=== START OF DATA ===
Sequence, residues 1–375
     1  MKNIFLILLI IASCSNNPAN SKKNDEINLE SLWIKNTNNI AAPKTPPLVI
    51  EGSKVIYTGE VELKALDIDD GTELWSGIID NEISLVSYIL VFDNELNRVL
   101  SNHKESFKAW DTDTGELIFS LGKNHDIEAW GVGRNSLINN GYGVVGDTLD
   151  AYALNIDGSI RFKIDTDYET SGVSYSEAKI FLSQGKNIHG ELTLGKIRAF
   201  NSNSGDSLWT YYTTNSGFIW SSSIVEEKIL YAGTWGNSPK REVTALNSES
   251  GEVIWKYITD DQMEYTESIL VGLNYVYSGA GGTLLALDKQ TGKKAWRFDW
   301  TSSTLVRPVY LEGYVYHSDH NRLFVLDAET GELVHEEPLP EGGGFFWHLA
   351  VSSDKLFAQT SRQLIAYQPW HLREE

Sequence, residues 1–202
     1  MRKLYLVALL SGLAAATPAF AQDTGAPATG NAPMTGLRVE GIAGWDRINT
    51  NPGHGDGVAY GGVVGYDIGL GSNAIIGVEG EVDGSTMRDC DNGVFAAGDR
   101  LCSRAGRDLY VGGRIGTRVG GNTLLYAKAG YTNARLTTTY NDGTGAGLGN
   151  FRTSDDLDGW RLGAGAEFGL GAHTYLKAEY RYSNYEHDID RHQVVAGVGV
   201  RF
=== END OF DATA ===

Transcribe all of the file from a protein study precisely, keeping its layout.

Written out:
Sequence, residues 1–375
     1  MKNIFLILLI IASCSNNPAN SKKNDEINLE SLWIKNTNNI AAPKTPPLVI
    51  EGSKVIYTGE VELKALDIDD GTELWSGIID NEISLVSYIL VFDNELNRVL
   101  SNHKESFKAW DTDTGELIFS LGKNHDIEAW GVGRNSLINN GYGVVGDTLD
   151  AYALNIDGSI RFKIDTDYET SGVSYSEAKI FLSQGKNIHG ELTLGKIRAF
   201  NSNSGDSLWT YYTTNSGFIW SSSIVEEKIL YAGTWGNSPK REVTALNSES
   251  GEVIWKYITD DQMEYTESIL VGLNYVYSGA GGTLLALDKQ TGKKAWRFDW
   301  TSSTLVRPVY LEGYVYHSDH NRLFVLDAET GELVHEEPLP EGGGFFWHLA
   351  VSSDKLFAQT SRQLIAYQPW HLREE

Sequence, residues 1–202
     1  MRKLYLVALL SGLAAATPAF AQDTGAPATG NAPMTGLRVE GIAGWDRINT
    51  NPGHGDGVAY GGVVGYDIGL GSNAIIGVEG EVDGSTMRDC DNGVFAAGDR
   101  LCSRAGRDLY VGGRIGTRVG GNTLLYAKAG YTNARLTTTY NDGTGAGLGN
   151  FRTSDDLDGW RLGAGAEFGL GAHTYLKAEY RYSNYEHDID RHQVVAGVGV
   201  RF